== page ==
RMS Queen Mary
We were soon put on board, four to a cabin on 'C' deck, a bit bare for a top class Cunard liner but it was great in bunks for us. As soon as we had parked our kit we nosed around this floating palace, with its shops, offices and salons empty of course; huge dining rooms and the main staircase with its large portrait of Queen Mary, and I must add, two machine guns and gunners. If we thought it was all a dream, we now knew it was reality, we were going to voyage on this magnificent ship.
During this short time a lot of activity was taking place. 5,000 German soldiers were brought aboard; we learned that they were some of Field Marshall Rommel's Afrika Corps captured in the North African campaign after Alamein. Surprisingly it took only a few British soldiers with machine guns to control them. The German POW's slept in hammocks which they had slung across the decks (which of course was the only way the thousands of American GI's could be accommodated on board on the return journey from New York. The German POW's waited on us at the dining tables, very disciplined. They clicked their heels at orders from their Corporal.
In the early evening during another tour of the ship we saw some ladies cleaning a cabin out, and we asked them if they knew when the Queen Mary would sail. "Oh yes, at 8pm the River Clyde boom would be opened up to let her through, and off she will steam to New York at 30 knots!" What a revelation for civilians to know such vital information. Well that's exactly happened, the huge liner weighed anchor at 8pm and with two Sunderland Flying Boats above, and two cruisers as escort away we went. The liner vibrated quite a bit at speed, but no sign of pitch or roll. The escort ships left us early the next day, but the flying boats kept with us for about 400 miles as we zigzagged North in the Atlantic almost up to Greenland at the same relentless vibrating speed.
Normandie, after fire in New York
According to theory, no German 'U' Boat could catch her, unless stopped, or they lay in wait, and that was hardly possible in this vast ocean. She had orders never to stop, not even for survivors from a sinking at sea, and from reports this had happened. Of course all these orders applied to her sister ship Queen Elizabeth doing the same voyage in the opposite direction.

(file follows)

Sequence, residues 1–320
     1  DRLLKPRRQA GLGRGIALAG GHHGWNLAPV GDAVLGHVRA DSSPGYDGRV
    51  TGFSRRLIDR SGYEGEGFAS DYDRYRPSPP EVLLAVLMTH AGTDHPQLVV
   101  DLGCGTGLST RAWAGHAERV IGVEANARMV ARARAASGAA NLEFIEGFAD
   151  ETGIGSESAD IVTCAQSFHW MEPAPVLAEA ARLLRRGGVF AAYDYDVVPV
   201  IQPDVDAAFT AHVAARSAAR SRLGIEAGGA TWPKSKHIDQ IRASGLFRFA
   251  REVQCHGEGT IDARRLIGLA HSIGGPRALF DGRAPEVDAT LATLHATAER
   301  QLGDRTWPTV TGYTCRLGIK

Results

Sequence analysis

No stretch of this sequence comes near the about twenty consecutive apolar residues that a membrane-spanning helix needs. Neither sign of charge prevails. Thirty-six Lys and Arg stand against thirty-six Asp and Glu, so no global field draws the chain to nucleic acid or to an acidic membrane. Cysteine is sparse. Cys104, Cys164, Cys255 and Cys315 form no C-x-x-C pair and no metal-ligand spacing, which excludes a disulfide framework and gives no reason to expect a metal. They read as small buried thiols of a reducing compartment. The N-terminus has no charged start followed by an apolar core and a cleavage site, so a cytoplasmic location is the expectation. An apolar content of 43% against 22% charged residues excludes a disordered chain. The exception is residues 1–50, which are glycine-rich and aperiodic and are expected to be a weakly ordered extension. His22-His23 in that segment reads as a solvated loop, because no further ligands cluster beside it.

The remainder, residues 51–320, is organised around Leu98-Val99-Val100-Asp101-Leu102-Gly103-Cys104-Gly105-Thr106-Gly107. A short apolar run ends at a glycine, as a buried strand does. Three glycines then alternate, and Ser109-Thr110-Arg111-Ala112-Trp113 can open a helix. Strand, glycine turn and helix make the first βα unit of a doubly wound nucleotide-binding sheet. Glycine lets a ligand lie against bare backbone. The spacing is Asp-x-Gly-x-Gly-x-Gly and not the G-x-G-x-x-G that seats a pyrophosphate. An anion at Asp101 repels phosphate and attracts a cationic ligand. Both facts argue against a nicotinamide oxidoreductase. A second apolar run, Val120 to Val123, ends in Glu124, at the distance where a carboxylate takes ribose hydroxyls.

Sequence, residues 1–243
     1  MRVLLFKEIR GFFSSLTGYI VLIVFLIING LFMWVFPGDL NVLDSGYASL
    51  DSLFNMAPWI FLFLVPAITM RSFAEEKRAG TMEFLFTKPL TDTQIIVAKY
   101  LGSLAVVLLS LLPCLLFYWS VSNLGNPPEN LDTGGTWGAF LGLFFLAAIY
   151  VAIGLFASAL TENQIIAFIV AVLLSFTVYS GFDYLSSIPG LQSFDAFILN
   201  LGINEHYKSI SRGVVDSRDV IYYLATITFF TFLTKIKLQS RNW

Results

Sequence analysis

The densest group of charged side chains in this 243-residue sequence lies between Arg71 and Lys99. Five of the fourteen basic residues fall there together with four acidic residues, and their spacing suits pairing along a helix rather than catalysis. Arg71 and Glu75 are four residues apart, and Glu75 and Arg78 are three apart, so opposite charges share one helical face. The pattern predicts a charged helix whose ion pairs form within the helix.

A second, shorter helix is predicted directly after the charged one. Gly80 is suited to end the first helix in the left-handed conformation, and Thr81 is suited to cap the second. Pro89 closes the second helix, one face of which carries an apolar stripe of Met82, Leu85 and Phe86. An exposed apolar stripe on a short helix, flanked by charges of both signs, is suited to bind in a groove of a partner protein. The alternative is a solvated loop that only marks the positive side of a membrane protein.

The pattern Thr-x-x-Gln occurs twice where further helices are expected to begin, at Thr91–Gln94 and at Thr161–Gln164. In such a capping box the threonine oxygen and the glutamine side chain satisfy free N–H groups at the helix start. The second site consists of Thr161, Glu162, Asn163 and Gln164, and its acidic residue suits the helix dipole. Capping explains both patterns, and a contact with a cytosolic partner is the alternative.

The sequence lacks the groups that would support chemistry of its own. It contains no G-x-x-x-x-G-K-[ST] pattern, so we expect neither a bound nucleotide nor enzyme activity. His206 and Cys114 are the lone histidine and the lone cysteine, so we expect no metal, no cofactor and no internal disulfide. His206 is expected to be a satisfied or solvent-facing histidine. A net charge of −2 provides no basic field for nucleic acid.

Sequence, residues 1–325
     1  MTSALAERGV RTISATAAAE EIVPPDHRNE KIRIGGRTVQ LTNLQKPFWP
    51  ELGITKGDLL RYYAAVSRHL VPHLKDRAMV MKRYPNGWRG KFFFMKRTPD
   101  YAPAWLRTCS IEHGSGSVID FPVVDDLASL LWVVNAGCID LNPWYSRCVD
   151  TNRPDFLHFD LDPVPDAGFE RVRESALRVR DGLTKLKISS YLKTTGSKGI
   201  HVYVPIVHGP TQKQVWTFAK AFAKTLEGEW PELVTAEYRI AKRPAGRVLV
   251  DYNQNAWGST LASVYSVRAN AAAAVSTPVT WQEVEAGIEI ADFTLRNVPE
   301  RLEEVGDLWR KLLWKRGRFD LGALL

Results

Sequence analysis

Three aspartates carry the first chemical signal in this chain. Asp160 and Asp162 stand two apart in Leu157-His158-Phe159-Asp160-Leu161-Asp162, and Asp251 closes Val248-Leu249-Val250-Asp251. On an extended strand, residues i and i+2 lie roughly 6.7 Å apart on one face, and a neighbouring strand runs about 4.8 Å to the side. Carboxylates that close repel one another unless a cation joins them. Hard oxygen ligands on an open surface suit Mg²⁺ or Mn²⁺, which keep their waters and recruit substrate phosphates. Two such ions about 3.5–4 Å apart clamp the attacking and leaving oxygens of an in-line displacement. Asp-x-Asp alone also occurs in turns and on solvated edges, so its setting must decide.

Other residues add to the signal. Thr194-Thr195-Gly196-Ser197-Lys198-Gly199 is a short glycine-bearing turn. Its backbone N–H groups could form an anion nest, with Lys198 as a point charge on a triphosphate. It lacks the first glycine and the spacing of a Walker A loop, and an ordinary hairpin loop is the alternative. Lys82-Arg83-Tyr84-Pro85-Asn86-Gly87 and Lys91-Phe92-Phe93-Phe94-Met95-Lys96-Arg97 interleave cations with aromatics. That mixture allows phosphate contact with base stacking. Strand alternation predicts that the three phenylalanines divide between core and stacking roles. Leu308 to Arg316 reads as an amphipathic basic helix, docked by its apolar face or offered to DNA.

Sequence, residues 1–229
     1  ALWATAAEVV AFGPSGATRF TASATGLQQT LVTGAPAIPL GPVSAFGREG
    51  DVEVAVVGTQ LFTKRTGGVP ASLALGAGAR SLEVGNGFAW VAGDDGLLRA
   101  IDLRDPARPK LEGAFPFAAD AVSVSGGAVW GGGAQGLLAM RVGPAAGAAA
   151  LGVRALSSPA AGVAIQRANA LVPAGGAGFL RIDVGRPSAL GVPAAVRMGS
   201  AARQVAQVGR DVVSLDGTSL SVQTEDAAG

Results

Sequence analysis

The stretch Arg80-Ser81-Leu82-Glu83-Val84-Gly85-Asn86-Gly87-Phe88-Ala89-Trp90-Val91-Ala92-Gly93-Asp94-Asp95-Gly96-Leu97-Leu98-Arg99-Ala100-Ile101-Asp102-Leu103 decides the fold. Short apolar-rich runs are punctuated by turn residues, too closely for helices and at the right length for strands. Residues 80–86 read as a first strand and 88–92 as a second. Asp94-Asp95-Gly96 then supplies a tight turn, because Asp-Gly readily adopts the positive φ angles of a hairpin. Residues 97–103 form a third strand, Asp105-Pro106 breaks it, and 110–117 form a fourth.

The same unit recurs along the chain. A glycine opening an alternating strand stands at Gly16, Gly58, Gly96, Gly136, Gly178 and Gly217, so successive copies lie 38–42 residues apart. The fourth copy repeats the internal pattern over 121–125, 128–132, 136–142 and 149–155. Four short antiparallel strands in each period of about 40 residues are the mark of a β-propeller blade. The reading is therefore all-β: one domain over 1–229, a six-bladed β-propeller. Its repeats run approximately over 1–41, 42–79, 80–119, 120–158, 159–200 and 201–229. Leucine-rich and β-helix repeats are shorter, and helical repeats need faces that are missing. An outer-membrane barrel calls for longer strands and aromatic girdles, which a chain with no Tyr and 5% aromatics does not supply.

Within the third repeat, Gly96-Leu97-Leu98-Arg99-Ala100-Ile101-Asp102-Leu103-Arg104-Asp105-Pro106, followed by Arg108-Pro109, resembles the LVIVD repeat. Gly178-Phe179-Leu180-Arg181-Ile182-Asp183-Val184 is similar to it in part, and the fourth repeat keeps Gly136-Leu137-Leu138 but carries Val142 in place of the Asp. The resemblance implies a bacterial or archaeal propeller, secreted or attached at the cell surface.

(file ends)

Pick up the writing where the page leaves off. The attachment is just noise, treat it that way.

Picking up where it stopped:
To illustrate this, we soon heard of the tragic story of the escort cruiser HMS Curacoa that was not disclosed until after the war in a long Court case. The Curacoa was escorting the Queen Mary, zigzagging on the outward voyage, and suddenly the two ships were on collision course. The liner did not change course (according to orders) or could not at 30 knots, and sliced the cruiser in two halves with the tragic loss of 1,000 of the cruiser's men.
It was decided in Court that the escort vessel must always keep station on the vessel being escorted whatever movement is made. This terrible event emphasises how important the Queens were to the Allied war effort. The two biggest troop ships survived the war in both European and Japanese theatres without damage or loss of life. Remarkable really for such huge and rewarding targets, and in peacetime afterwards returned to their wonderful world cruises, and finally became showpieces of maritime history.
We arrived in New York after 5 days sailing from Scotland with our unusual cargo, into the harbour, past the Statue of Liberty and the skyscraper skyline so familiar in pictures, to the sound of ships sirens and hooters, and berthed at Pier 80. Immediately hundreds of New York Firemen were on board and on the pier head with hoses and equipment. Fire was their dread, and you could soon see why, in the next berth the former Atlantic Blue Riband holder, the French liner Normandie lay on its side ravaged by fire that should never have happened, probably sabotage. All this activity game me a chance to go up on the Bridge to see the liner's radar, at sea no one, only ship's company were allowed, but I had made the acquaintance of the radar mechanic, and he gave me the chance to see the equipment and of course the liner's bridge.
After docking was completed, we 300 Battleaxe crew were given work to do, unlashing the hundreds of hammocks used by the German POW's. We didn't have duties during the voyage, also the Queen Mary was a 'dry' ship. No rum or alcohol to comply with USA restrictions. The German prisoners, bowed but still very smart were paraded by the British (our British Guard) of soldiers and marched to transport to the farms and wheat fields of America's Middle West where they would spend the rest of the war (better than the African desert they had come from).